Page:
MMT’s ideas have insinuated themselves deep into government, central banking and even Wall Street – “Modern Monetary Theory Isn’t The Future. It’s Here Now” [SUBCRIPTION REQUIRED], James Mackintosh, The Wall Street Journal, November 22
The current fad in economics is Modern Monetary Theory (MMT). The main idea is that because the government creates money, there is no limit to money creation. Therefore, we can pay for whatever we want – as long as it doesn’t cause inflation.
Emboldened by the fact that the huge federal debt the United States has run up since WWII has not caused inflation, MMT adherents argue “deficits don’t matter”. We can just monetize them – as we have been doing since the Great Recession via Quantitative Easing (QE).
It’s somewhat of a mystery why all this money creation and debt has not caused consumer price inflation until now. One of the main reasons is that central banks have channeled money creation into financial markets creating asset price inflation but not consumer price inflation. Another reason inflation has been held down is globalization – the outsourcing of production to cheaper locales around the world.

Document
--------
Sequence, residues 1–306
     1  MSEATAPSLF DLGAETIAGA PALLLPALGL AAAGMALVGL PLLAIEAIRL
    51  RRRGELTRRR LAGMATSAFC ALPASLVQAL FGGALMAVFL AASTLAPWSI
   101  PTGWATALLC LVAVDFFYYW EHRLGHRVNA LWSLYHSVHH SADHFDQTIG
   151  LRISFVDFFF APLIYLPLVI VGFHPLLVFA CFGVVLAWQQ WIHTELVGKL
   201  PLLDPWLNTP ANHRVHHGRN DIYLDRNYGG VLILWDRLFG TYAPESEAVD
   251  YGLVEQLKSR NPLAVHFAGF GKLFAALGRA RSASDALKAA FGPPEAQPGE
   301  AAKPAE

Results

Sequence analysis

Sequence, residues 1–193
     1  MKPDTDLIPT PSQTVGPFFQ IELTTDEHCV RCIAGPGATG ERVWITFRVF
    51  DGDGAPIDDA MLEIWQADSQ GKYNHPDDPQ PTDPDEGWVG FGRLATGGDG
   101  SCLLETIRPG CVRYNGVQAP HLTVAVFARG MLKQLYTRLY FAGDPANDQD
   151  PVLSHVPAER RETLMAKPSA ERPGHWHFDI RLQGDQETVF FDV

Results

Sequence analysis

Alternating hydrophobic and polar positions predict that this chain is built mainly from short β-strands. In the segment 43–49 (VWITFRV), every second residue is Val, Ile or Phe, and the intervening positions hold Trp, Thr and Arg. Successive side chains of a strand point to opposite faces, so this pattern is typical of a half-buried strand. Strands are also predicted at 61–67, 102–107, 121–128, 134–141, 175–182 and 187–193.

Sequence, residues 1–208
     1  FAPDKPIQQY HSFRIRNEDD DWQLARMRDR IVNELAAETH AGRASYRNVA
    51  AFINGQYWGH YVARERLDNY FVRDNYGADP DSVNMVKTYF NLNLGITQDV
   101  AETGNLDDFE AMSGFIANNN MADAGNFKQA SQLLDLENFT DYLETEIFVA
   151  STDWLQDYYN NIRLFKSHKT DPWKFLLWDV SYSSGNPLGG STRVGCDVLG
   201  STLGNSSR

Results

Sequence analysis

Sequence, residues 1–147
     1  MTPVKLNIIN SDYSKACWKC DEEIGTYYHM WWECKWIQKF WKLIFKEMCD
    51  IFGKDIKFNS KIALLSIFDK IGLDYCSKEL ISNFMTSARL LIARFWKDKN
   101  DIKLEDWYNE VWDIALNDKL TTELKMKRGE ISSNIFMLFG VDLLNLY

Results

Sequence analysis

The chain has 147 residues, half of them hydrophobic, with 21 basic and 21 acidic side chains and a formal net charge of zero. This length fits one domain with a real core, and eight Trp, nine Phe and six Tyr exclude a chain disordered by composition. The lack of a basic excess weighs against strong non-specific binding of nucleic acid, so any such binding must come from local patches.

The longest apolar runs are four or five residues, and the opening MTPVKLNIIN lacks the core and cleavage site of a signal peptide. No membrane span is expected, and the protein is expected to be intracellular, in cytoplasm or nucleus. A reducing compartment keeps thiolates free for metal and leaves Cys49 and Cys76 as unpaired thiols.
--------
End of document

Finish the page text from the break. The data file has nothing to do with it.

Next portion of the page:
At any rate, the policy response to COVID has been so massive that this is no longer the case. The amount of money central banks have pumped into financial markets has created the greatest asset bubble in history. And fiscal stimulus packages are now creating runaway consumer price inflation.
MMT essentially argues that there is such a thing as a free lunch. Put another way, the idea that resources are scarce is just a “narrative”, as Stephanie Kelton wrote in her best selling MMT primer “The Deficit Myth”. Unfortunately, scarcity is not a “narrative” but a fact of reality. Real economic growth is caused by increasing productivity not money creation. The latter creates the illusion of prosperity but ultimately ends in bust.
The global monetary system has been heading for a day of reckoning since Nixon removed the last link to gold on August 15, 1971. That day is now upon us.